Doing easy runs on an overnight fast may increase the fat burning during the workout, which could make you more economic. (one of the theories for why women bonk less than men is because women are better fat burners). If you go into a workout fasted the fuel for that run is coming from body fat and stored glycogen, the next meal you eat will then go towards first restocking those glycogen stores. Doing harder workouts fasted may make the run more of a stress to the body and could then cause more adaptation and fitness gains.

There are also numerous other potential benefits as well.

Standing Desk

This is another “hack” that you can do to burn an extra few calories, if you wish. Calculations suggest that 4 hours of standing vs sitting burns an extra 100-150 calories. Not a lot at once, but over time it adds up!

The Post-Workout Window of Opportunity

Commonly you hear of the PWO Window of Opportunity as a time to eat within 30 minutes after training since your body is absorbing nutrients like a dry sponge absorbs water.

It’s true getting a carb beverage in right after (or even during) a workout does help maximize your glycogen stores. However, if you’re not doing another hard or long run within about 8-10 hours of the last workout total daily calories and nutrients matter much more than getting in food within 30-60 minutes after running.

Using this window of opportunity to lose weight by not eating right away can be a easy method of reaching race weight after time. This will help increase your insulin sensitivity, which means your body is better at lowering blood glucose back down to base level. You’ll also probably eat less overall. Note that you should never sacrifice fueling for weight loss after a key workout!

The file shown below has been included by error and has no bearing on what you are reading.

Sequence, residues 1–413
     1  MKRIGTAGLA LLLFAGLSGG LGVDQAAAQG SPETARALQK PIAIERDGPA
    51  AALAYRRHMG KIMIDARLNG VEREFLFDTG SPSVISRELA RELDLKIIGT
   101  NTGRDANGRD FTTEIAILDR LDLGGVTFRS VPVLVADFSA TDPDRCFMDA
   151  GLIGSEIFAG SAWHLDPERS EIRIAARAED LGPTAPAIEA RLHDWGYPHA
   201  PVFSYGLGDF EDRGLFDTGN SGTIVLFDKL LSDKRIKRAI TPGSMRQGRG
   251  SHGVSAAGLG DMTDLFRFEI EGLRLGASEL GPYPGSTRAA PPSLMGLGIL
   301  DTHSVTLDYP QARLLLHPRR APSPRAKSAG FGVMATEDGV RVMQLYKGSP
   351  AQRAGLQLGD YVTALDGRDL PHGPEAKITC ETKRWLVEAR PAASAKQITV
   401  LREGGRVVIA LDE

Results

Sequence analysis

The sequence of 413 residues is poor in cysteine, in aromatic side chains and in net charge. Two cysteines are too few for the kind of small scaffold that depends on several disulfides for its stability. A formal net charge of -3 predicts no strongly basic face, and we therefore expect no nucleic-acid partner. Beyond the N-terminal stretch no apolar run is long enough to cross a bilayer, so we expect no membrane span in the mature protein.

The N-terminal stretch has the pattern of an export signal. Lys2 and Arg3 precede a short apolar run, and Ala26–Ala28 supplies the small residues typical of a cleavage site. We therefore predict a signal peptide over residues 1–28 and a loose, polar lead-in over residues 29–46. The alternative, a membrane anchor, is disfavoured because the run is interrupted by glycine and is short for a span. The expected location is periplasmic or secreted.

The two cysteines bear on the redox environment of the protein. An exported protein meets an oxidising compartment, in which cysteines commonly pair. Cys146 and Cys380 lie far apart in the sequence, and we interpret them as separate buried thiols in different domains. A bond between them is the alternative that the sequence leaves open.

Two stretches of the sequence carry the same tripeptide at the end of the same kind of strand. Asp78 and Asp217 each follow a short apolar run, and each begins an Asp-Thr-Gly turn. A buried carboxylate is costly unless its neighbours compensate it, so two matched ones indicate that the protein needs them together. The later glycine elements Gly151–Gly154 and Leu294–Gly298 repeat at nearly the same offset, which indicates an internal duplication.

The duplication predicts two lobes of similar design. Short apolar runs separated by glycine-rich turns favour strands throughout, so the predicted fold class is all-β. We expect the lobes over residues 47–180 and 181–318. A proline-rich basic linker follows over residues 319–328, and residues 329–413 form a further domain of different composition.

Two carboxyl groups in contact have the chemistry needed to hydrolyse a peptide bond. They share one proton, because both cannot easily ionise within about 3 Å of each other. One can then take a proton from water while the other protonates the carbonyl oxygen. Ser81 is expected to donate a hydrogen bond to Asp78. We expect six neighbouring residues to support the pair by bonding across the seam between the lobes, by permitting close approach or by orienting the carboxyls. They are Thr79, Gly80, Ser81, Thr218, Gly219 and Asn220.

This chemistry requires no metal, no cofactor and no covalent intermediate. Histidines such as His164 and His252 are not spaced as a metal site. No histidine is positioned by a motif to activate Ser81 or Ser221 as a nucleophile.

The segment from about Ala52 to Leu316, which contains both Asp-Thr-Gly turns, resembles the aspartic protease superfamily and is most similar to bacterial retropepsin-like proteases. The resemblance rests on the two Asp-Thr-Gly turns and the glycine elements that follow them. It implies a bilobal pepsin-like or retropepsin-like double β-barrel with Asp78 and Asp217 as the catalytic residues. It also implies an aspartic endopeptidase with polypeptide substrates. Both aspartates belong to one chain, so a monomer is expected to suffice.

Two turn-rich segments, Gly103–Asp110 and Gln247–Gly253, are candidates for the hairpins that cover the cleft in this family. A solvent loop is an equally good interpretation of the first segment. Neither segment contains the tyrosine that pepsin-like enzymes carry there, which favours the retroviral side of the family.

Hope for the rest of us

There’s hope for the rest of us.

I’m referring to the people that were not child prodigies or who started their endeavors in childhood.

The hope is in the stories of Steve Way, Heather Turland, Ed Whitlock, Kathy Martin, Laura Batterink, and Matthew Elliot.

You’ve probably never heard of any of any those names, but they’re all important to me. These are people who discovered their love and aptitude for running late in life and have reached elite status.

In my favorite running related book, Lore of Running, Dr. Noakes discusses the common occurrence of the running ability of professionals to drop off quickly, later in life. Most athletes who are the best in the world in their 20’s are not the best in their 30’s and 40’s, or older. An example is one of the fasted US marathoners ever, Bill Rodgers. In his prime he was regularly running sub 2:15 marathons. Now? Between his 50th and 60th birthday his 10km time reportedly slowed by 10 minutes. In his 60’s now, he’s certainly not one of the fastest 60 year old age groupers.

Noakes believes that over time, running will reduce the elasticity of tendons and muscles. This reduces the “elastic recoil” ability of the legs, which is basically free stored energy, like a spring.

On the flip-side from Bill Rodgers, is Kathy Martin. In her 40’s she started running and is a top running in her age group in events ranging from 800m to 31 miles. In her 50’s she set more than a dozen American age group records.